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Managing an academic career with family?

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11 years 8 months ago #49866 by amf77
Hi,

I am a post-bacc applying to med school for matriculation in the Fall of 2009. I began working in a lab earlier this year and absolutely LOVE it; I really hope that if all works out, it will be possible for me to pursue both research and clinical medicine. Additionally, I feel that for me, it would be a better doctor if I were to remain involved in research, especially depending on future specialty. However, I am realistic and realize that with a husband and child (currently 8 ½ mos…the child, not the husband, although somedays I get confused ;) ), it would be nearly impossible to manage the demands of a successful lab with clinic and all of life’s other personal responsibilities. I should also mention that I am 30, so this may all be a pipe dream by the time that I graduate as my age may be a barrier in terms of the time I can allocate to research since I'm getting a late start in a medical career.

I don’t think that I’m the kind of person who needs to have my name first on every journal article; e.g. ego shouldn’t be an issue for me, although I can imagine that if a lot of my life is poured into something, ego (or rather, feeling shafted) may become an issue later on down the road. If I don’t feel the need for recognition as a world-famous researcher, what are my options in keeping a foot in academic medicine while managing life’s other demands? I know that there is probably the possibility of sharing a lab, but that seems like it may be equally time-consuming – I have a feeling that I would feel guilty if I wasn’t keeping up my end of administrative tasks, for example. Is it common to work for another doctor’s lab? Join projects here and there pertinent to one’s field, sort of like a free agent? Any advice would be appreciated.

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11 years 8 months ago #49867 by twinmom
1) You're not too old. I'm a 30 year old med I and I'm planning to do academic medicine. No one's told me that I can't do it, and I've had lots of good, realistic contacts. In fact, all of the neonatology fellows started med school at 29-30. Go figure.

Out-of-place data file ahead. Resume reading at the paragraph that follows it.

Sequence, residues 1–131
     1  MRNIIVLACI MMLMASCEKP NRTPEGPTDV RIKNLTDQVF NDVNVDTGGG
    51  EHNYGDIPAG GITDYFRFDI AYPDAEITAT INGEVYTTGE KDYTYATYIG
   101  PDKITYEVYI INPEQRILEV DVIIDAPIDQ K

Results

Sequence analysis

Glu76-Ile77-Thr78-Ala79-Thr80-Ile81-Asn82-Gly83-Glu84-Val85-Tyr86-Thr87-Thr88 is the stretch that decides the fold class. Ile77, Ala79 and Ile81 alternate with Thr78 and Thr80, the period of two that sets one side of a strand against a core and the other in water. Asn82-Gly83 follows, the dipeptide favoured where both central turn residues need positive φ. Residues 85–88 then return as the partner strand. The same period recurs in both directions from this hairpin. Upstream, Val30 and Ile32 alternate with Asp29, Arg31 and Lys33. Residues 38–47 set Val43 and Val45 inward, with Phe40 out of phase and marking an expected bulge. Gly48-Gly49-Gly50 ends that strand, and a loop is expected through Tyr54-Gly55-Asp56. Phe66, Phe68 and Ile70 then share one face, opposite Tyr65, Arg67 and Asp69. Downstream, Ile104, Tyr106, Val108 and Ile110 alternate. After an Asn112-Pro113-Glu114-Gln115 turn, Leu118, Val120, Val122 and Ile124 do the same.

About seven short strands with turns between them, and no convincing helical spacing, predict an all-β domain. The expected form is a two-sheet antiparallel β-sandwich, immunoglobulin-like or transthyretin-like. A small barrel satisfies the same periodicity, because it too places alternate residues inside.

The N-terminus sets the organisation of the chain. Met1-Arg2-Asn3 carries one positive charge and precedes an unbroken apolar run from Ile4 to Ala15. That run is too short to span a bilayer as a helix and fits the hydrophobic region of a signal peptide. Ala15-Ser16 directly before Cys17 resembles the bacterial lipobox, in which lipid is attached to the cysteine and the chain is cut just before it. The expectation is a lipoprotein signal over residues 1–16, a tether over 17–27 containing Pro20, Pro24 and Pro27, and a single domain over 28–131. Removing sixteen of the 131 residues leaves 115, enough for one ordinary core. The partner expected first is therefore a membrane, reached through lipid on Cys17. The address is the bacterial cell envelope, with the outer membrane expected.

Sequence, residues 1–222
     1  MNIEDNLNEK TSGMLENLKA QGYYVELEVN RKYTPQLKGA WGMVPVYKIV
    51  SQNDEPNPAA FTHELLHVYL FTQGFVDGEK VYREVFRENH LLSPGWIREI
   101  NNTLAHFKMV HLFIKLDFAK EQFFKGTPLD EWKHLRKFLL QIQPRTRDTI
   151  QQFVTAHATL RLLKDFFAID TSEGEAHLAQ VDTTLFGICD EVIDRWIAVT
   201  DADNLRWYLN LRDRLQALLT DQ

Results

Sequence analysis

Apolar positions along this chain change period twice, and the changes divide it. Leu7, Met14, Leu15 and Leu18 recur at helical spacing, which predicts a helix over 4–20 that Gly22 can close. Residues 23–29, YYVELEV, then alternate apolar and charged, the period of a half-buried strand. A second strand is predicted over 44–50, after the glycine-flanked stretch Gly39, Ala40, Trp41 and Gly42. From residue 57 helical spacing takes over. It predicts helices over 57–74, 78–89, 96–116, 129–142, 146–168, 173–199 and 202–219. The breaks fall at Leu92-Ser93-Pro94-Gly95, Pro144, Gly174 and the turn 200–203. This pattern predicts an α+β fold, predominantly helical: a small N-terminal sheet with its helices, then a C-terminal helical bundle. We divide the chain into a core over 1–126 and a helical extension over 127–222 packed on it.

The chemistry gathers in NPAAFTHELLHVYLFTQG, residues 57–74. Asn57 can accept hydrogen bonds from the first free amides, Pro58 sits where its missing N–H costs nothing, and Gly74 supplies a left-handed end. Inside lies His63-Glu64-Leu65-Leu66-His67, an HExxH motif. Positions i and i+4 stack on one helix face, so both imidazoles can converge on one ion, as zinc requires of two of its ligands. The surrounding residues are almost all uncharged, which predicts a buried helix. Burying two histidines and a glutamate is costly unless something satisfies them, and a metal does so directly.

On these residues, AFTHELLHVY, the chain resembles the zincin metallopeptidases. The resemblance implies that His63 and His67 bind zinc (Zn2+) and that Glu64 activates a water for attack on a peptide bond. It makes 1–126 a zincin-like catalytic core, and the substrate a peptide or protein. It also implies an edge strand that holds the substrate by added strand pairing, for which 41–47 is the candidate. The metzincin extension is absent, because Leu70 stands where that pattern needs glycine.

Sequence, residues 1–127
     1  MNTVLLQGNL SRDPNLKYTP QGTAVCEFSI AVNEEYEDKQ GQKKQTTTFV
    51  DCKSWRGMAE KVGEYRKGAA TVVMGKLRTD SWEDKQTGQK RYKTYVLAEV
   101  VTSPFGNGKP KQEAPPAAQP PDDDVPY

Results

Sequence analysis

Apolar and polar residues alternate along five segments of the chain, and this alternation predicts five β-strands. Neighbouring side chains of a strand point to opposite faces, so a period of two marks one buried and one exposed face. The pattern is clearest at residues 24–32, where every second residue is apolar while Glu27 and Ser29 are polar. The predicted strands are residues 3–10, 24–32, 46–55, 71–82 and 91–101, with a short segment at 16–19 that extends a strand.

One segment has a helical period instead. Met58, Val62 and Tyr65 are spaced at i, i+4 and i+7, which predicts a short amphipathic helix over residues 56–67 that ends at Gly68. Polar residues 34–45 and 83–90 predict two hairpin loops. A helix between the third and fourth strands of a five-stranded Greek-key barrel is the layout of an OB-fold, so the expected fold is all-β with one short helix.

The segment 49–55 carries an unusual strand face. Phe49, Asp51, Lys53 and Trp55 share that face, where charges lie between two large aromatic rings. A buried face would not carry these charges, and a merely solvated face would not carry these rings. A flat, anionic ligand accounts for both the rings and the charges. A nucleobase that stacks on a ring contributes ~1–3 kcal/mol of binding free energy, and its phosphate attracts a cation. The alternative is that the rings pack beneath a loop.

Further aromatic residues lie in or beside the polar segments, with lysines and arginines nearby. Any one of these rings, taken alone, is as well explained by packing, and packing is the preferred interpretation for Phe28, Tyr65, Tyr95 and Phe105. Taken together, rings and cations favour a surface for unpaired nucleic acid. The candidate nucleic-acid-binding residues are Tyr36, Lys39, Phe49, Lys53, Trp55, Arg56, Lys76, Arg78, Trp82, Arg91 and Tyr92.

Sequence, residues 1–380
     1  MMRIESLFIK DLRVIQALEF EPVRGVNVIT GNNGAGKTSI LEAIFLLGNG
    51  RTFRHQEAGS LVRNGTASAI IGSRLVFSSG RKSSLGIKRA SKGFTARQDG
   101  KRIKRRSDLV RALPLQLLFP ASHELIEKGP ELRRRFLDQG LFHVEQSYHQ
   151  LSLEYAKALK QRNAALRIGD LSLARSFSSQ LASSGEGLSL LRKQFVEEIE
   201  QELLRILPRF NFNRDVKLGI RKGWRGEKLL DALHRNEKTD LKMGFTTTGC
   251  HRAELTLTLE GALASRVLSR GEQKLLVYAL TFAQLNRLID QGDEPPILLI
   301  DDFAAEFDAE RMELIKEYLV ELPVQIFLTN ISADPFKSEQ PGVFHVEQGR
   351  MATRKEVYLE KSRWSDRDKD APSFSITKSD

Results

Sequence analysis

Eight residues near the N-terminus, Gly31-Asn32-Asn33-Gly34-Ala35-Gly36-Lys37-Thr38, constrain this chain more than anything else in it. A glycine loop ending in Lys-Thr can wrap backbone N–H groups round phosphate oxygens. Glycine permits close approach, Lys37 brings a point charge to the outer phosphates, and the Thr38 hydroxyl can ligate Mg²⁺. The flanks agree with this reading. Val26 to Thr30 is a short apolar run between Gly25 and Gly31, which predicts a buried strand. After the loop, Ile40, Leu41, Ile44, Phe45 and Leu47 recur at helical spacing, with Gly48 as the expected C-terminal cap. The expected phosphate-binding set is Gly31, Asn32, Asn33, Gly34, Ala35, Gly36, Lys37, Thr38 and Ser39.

2) I think with regards to the balance, you'll just want to be very picky about what programs you apply for. There are family friendly programs out there, you just have to be aware. But where I am, in the lab/group where I worked prior to med school, as well as where I'll be this summer, most of the people have families. Perhaps it helps that they're in the children's hospital, I don't know.

In academics, there always will be the funding struggle of protected research time, versus clinical time, so you've got to make sure (from my experience) that you've got a clinical supervisor who will make sure that your research time truly is protected. Otherwise, you end up in a bad place.

I don't know if this helps, since I've got my kids running around, so I haven't proofread, but these are my thoughts. Good luck, and I hope you do well in your application process. :)

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11 years 8 months ago #49868 by amf77
That helps a lot! Very funny, but the lab that I'm currently working in is a neonatology lab...hmmm... :)

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11 years 8 months ago #49869 by TexasRose
I was going to pop in and mention that the fellows and attendings I know in neonatology appear to be very satisfied with their clinical, research and family balance. But then I saw that the topic had already been covered. :laughing:

"All you have to decide is what to do with the time that is given to you."

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11 years 8 months ago #49870 by Doc201X
Interesting comments about neonatology, one of my first research positions was in neonatology and while the research and clinical aspects were amazing, the lifestyle seemed to be the pits IMHO. Obviously things have changed in 20 years!

My Scientist/Physician Journey
www.Doc201X.blogspot.com

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11 years 8 months ago #49871 by twinmom
I believe it path, there's an older maternal-fetal medicine guy who came to talk to us, and was telling me that neonatologists always burned out, so I should do maternal-fetal medicine instead. :laughing: We'll see.

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